Parlamentarischer Rat

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Museum Koenig, Bonn

The Parlamentarischer Rat (German for "Parliamentary Council") was the West German constituent assembly in Bonn that drafted and adopted the constitution of West Germany, the Basic Law for the Federal Republic of Germany, promulgated on 23 May 1949.


The Council was implemented by the minister-presidents of the eleven states of Germany within the three Western Allied occupation zones and inaugurated on 1 September 1948.[1] It included 70 state delegates selected by the Landtag parliaments specifically for this purpose (including five non-voting representatives of West Berlin),[2] many of them state ministers, government officials or legal academics. The deputies could rely on a draft document prepared by the constitutional Herrenchiemsee convention held in August.

The Council was officially opened by North Rhine-Westphalia minister-president Karl Arnold as host.[1] The second speaker was Hessian minister-president Christian Stock as current head of the Ministerial Conference of the Federal States.[3] The site of the opening ceremony was at the great hall of the Museum Koenig in Bonn, a preliminary decision in view of the "provisional" capital of a West German state, which the minister-presidents at a convention in Düsseldorf on 11 October 1948 decided to locate in Bonn (instead of Frankfurt). The assembly elected the Christian Democratic politician Konrad Adenauer, former mayor of Cologne, its president. The regular sessions of the Parliamentary Council were held at the nearby Pedagogical Academy building.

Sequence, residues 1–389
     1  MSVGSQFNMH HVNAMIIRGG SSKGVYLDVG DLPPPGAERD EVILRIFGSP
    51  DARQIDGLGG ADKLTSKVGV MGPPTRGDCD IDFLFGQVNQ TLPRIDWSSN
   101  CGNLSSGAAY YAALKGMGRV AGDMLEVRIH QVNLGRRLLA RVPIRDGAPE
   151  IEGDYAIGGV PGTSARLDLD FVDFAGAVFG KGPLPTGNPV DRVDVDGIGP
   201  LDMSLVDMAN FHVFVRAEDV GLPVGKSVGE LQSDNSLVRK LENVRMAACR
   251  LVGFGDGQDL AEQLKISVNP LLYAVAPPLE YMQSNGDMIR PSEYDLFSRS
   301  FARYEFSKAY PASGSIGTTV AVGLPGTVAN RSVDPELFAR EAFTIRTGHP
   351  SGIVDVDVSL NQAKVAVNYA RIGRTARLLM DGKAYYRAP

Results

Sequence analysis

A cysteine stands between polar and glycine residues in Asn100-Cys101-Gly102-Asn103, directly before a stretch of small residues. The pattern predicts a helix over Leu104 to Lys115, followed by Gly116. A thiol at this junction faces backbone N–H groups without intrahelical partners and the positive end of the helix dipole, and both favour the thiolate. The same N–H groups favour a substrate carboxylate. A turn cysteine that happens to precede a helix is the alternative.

The delegates of the Christian Democratic Union (CDU) already formed a united faction with their Christian Social (CSU) colleagues from Bavaria, as did the liberal Free Democratic Party (FDP) together with the Hessian Liberal-Democratic Party and the Democratic People's Party (DVP) from Württemberg-Baden and Württemberg-Hohenzollern. The 65 voting members included 27 Christian Democrats, 27 Social Democrats (SPD) led by Carlo Schmid, and five Liberals under Theodor Heuss. In addition, the Communist Party, the German Party and the Centre Party each sent two delegates. Four of the 65 delegates were women: Elisabeth Selbert (SPD), Friederike Nadig (SPD), Helene Weber (CDU) and Helene Wessel (Centre).[4] The SPD deputy Paul Löbe had served as President of the Reichstag parliament from 1925 until 1932, when he was succeeded by Hermann Göring.


Building of the Pedagogical Academy in Bonn, later the Bundeshaus

The primary purpose of the Council was to prepare a new constitution for Germany, thereby drawing lessons from the failure of the Weimar Republic and the rise of Nazism, in order to re-establish a federal state based upon a stable democracy, welfare and the Rechtsstaat (rule of law) maxim. The draft declared human dignity inviolable, and to respect and protect it the duty of all state authority. These basic principles were explicitly declared irreversible by the so-called eternity clause. To distinguish it from the newly established People's Republics behind the Iron Curtain, the draft laid stress on a parliamentary system and the separation of powers, all bound to the constitution. It included a charter of fundamental rights and the right of access to courts.